If someone transfers money from Google play/ iTunes store to their bank account (which takes 1-3 business days) and the account is deactivated when the transaction is pending (due to e.g. scam report), would the money transferred still arrive at the bank account?

If the money still arrives at the bank account: would Google or Apple be able to ask the money back or find out which bank account the money is transferred to?

In the case of gift card scam (in which victims are told to go to offline shop to buy gift card), if the money that was used to buy gift card has not yet been booked from the bank account of the victim (since that also would take 1 business day), would it still be possible in some way for the money to arrive at the scammer's bank account? (It is odd if it is still possible because that would be like Google/ Apple/ the merchant selling the gift card are paying the scammer in advance before they even get the money, which does not really make sense.)

2 Answers 2


I think the premise of your question is an incorrect assumption about how gift card scams work.

"someone transfers money from Google Play/ iTunes store to their bank account"

Google play and iTunes gift cards are not directly convertible to cash. In other words, their balances cannot be transferred directly to a bank account.

The way these gift card scams usually work is that the scammer will use that gift card to purchase overpriced apps or in-app purchases in apps that they have submitted to the app/play store.

Here's how I think these scams usually work:

  • create a generic calculator app and submit it to google play on account A
  • add a $100 in-app purchase to unlock "pro" features (that most people would never actually pay extra for)
  • trick people into giving them gift cards through various means
  • redeem the gift card in account B
  • buy the expensive app sold by account A
  • google takes 30%, and passes on 70% of the purchase price to the developer (account A)
  • Account A gets paid for selling their app. These funds are not on a gift card any more and are paid out to their bank account.
  • 1
    The other method is selling the $100 gift card for $80.
    – gnasher729
    Commented Nov 18, 2021 at 6:50
  • Thank you for your answer. How long does the whole process usually take though? In the case in concern, the scammer's account and cards were deactivated within 24 hours of the scam taking place.
    – Aqqqq
    Commented Nov 19, 2021 at 17:39

You gave a merchant $100 for a $100 gift card. The merchant sends probably $80 or $90 to Apple or Google. You voluntarily handed that gift card to a third party. That’s your responsibility. There’s no way Apple or Google are giving money back to you. If you give items of value to a scammer, that’s entirely up to you. Even banks won’t help you if you send money to a scammer. Only if the scammer accessed your bank account.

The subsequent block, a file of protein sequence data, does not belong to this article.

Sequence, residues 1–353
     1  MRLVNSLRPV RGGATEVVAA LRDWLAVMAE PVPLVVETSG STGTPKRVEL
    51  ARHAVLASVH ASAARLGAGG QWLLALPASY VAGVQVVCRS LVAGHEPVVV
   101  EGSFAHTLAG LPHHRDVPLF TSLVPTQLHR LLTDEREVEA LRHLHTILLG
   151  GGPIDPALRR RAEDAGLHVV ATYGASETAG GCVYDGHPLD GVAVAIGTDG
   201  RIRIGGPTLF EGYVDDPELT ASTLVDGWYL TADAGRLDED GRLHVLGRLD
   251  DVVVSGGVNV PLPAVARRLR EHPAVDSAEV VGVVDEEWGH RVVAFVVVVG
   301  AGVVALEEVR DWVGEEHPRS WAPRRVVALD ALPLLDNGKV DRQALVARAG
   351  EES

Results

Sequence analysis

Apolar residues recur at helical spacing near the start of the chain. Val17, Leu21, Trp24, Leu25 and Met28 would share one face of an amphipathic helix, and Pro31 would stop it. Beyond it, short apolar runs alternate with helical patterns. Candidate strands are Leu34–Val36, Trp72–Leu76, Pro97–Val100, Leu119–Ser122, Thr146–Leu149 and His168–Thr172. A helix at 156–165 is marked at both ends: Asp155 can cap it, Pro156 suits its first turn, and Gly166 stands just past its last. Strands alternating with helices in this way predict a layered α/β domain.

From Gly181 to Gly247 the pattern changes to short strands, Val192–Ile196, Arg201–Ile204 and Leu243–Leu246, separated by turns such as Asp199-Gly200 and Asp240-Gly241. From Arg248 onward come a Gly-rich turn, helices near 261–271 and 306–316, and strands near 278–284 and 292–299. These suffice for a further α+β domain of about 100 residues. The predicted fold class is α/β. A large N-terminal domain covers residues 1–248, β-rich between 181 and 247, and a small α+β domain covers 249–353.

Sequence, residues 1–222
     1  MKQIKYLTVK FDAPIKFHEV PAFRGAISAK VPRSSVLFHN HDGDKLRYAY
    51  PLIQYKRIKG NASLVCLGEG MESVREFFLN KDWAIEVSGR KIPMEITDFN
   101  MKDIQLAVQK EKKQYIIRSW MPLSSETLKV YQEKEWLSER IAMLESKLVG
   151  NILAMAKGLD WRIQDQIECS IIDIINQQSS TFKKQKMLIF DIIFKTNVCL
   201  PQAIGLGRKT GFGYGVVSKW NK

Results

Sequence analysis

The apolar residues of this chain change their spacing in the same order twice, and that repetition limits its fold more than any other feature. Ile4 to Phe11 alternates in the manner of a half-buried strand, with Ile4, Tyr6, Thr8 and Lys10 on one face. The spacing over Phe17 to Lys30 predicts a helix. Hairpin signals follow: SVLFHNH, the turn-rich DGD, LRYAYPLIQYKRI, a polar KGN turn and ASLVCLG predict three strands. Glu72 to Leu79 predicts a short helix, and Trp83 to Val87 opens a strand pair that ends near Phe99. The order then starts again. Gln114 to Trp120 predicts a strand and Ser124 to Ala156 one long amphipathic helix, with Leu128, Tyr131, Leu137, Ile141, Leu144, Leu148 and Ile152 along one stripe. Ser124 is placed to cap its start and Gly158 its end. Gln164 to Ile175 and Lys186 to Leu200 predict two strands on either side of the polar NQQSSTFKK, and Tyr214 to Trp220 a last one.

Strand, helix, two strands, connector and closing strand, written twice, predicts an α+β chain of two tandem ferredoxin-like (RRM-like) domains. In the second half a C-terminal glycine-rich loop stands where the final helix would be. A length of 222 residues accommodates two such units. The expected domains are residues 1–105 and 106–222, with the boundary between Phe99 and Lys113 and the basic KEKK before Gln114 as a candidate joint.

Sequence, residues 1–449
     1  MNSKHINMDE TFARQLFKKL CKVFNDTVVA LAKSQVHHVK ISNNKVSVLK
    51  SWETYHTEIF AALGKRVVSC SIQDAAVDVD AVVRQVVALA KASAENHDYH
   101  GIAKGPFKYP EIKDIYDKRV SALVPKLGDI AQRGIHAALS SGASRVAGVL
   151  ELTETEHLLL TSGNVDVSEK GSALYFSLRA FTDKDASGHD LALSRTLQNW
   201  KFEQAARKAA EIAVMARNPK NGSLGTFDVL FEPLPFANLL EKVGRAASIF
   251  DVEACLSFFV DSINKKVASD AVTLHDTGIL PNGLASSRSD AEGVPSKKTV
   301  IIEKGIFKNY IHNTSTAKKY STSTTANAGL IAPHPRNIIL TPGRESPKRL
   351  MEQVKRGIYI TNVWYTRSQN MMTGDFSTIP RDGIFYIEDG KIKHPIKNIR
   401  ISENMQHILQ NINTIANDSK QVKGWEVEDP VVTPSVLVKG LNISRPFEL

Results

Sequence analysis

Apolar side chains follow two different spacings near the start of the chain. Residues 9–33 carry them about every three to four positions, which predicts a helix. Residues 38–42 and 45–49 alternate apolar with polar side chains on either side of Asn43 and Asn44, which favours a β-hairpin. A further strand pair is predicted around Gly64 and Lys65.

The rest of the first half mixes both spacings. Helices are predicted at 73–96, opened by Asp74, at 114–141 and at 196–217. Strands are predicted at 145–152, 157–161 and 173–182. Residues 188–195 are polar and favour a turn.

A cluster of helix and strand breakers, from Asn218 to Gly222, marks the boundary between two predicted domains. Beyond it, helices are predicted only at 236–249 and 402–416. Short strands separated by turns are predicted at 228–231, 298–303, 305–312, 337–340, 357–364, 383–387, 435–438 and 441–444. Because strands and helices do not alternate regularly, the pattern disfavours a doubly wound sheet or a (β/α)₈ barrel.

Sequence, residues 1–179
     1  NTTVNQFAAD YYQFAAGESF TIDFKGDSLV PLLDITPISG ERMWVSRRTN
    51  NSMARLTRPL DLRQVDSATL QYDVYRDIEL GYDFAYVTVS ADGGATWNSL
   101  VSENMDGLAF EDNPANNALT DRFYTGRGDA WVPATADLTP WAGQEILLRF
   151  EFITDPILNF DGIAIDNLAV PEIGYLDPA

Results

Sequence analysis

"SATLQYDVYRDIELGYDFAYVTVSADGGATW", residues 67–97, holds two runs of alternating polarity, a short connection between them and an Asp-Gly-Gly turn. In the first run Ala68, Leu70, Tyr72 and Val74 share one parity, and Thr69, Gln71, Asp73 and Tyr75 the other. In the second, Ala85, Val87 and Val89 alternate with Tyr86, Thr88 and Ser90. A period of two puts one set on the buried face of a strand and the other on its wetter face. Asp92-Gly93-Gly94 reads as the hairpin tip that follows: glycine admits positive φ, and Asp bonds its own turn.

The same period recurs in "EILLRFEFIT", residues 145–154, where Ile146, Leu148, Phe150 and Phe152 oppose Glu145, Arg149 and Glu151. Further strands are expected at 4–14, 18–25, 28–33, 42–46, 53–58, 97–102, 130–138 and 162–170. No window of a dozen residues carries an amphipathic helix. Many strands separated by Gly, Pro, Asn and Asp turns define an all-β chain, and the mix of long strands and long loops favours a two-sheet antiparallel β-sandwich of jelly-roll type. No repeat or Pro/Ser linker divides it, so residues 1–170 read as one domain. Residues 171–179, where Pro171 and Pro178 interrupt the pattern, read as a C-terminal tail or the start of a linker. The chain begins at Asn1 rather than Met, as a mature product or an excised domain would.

When purchases are made with this totally legit card, Apple and Google pay most of the money to some software developer or musician. Now you come and say “I caused this mess by giving my gift card to a scammer, give me my money back”. The only way to get your money back is from the scammer.

Hint: If US immigration wants to remove you from the country, they remove you. They don’t ask for bribes. If they ask for bribes, then they are not immigration, it’s a scam.

PS. At my British bank, if I buy a gift card, the money leaves my account within five seconds. I pay, my phone says “ping”, and there’s a message that my bank account went down by £100 if I bought a £100 gift card.

PS. It’s different when gift cards are paid for with stolen credit cards. In that case the gift card will be blocked. If you bought a $100 gift card for $80 and it was bought with a stolen credit card, you won’t be able to use it. And Apple / Google won’t be happy with your account.

  • Some remark on the answer: this part: "You gave a merchant $100 for a $100 gift card. The merchant sends probably $80 or $90 to Apple or Google. You voluntarily handed that gift card to a third party. That’s your responsibility. There’s no way Apple or Google are giving money back to you." is not always true. I was able to help to get some of the scammed money from Apple (we acted quickly though). This part "The merchant sends probably $80 or $90 to Apple or Google." is likely not always true either (unless you have source to back up).
    – Aqqqq
    Commented Nov 19, 2021 at 17:44
  • BTW, in my bank, if I buy something offline, the money would be down in the next working day or the day after the next.
    – Aqqqq
    Commented Nov 19, 2021 at 17:46
  • 1
    The part about US immigration is a bit confusing. I realize that's one possible pretext for a scammer to use as a threat to initiate the scam, but the OP didn't mention immigration or anything about how this got started.
    – Cody
    Commented Nov 19, 2021 at 19:38
  • Cody, it's by far the most common version of that in the USA. Legitimate immigrants, especially those coming from countries where bribing an official is not unusual, get a threatening message supposedly from immigration, that they will be in big trouble unless the bribe someone. Payment in gift cards.
    – gnasher729
    Commented Nov 19, 2021 at 22:23
  • 1
    Aqqqq, the shop where I buy gift cards wants to make money from this. It's a normal purchase. What do you think happens when you buy a $100 gift card? That the merchant keeps the money? Or that they send all of it to Apple/Google and do their work for free? PS. Banks in your country seem to be slow.
    – gnasher729
    Commented Nov 19, 2021 at 22:26

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